featuring the most tryhard metaphorical storm since a serious man and, oh hell yeah i'ma go there, the happening, jeff nichols' doom-mongering allegory take shelter analogises a nation's descent into economic and environmental crisis with the onset of psychosis, hoping to show that, y'know, this is an anxious period in our history and we're all walking a tightrope and we better wake the fuck up to our plight, yo. it's a big blunt stone of a film starring a big blunt stone of a lead (michael shannon), whose usual leaps between eye-twitching paranoia and troubled, stubbornly dignified stoicism as construction worker curtis go on for over two agonising hours, as nichols struggles in vain to evolve his film past the premise of an everyman slowly going nuts and turning his "good life" upside down, straining to back up the self-serious portent of his tone.
alas, curtis' torment is as mundane as foreboding can be, not in the sense that it's grounded in the reality of mental illness (in that respect the film isn't as reductive as most, but remains somewhat generic), but because it's characterised by stuff like falling birds and gnashing dogs and shitty weather and zombies and locusts and cheesy cgi-riddled dream sequences and blahhhh, using every clichéd omen of doom in the book rather than trusting a capable actor to do more of the work for us. hard to see these people as real when the director keeps sticking his nose in, bludgeoning us with one face-palmingly obvious symbol after the other; i was particularly unmoved by the deaf daughter who represents, oh you better believe it, the heedless sheeple to be shielded from the oncoming storm by our noah-surrogate.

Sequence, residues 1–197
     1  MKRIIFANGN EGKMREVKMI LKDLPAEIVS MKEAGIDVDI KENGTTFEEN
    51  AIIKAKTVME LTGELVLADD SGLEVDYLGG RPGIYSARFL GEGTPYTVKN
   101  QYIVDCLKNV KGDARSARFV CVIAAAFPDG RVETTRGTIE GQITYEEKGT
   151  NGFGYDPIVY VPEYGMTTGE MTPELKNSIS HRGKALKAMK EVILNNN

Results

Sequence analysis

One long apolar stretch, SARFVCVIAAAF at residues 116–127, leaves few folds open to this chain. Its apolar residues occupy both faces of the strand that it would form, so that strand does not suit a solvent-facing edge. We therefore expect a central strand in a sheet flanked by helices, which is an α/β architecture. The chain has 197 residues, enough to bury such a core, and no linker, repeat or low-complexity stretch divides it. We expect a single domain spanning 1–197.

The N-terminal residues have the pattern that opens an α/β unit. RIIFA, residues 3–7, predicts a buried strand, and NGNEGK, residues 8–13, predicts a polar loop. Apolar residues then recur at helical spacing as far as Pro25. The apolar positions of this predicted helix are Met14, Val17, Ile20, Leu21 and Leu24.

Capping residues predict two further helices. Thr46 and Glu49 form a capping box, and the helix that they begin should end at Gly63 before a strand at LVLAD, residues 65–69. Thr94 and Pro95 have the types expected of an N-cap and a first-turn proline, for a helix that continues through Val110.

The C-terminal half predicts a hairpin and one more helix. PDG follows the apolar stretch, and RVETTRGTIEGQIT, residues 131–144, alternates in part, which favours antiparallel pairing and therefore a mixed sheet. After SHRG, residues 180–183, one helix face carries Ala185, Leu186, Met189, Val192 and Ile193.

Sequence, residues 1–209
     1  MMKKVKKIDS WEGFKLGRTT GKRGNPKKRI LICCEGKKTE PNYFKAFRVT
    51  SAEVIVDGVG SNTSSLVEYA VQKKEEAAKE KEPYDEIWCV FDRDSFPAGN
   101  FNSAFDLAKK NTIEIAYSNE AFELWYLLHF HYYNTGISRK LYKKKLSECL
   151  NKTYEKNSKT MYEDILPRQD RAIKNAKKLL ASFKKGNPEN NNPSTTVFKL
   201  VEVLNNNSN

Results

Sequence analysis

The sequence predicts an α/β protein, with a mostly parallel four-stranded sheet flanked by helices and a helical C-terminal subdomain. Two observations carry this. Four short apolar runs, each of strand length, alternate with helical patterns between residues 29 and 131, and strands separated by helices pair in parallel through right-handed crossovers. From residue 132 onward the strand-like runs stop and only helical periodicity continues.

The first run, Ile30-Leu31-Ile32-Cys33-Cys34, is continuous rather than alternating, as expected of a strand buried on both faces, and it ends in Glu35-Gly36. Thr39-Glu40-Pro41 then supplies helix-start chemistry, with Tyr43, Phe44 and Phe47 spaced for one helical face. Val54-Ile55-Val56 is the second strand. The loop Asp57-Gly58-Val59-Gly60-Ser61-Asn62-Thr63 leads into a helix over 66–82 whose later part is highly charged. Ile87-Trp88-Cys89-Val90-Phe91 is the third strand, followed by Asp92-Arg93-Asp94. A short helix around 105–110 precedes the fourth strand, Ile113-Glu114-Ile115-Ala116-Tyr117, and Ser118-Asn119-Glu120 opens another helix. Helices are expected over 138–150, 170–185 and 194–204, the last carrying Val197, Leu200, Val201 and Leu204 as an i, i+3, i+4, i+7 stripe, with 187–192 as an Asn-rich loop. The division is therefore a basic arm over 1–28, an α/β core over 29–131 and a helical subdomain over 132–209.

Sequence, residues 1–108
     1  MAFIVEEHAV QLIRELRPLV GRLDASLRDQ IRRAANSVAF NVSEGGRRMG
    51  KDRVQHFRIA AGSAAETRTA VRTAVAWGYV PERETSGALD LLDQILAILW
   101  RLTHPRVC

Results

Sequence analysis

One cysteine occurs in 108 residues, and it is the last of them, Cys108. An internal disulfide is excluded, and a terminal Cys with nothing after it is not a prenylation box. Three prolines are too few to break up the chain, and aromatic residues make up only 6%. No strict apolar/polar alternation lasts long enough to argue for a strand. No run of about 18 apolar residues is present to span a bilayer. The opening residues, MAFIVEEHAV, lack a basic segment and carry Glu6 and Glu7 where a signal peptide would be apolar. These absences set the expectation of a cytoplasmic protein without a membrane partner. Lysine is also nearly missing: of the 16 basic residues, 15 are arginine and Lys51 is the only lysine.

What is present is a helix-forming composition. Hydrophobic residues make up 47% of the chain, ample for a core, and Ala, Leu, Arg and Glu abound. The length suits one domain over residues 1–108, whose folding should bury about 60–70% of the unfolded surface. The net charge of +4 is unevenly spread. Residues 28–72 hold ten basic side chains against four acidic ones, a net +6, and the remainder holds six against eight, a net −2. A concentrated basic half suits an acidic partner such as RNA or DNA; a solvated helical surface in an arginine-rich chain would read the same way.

i appreciate that, in having curtis blow his money, his job, his closest friendship (shea whigham) and potentially his marriage (jessica chastain, best thing about this film) on restoring the family bomb shelter, the film understands the irony that our doom is rooted in our terror of being doomed (bringing to mind the domino effect of panic that led to the financial crash), but it casts even this insight aside with a gotcha! joke of an epilogue revealing; awshit, maybe curtis ain't crazy after all--MAYBE IT'S THE WORLD THAT'S CRAZY. the real irony is that in its hysteria, take shelter fails to heed its own lesson.
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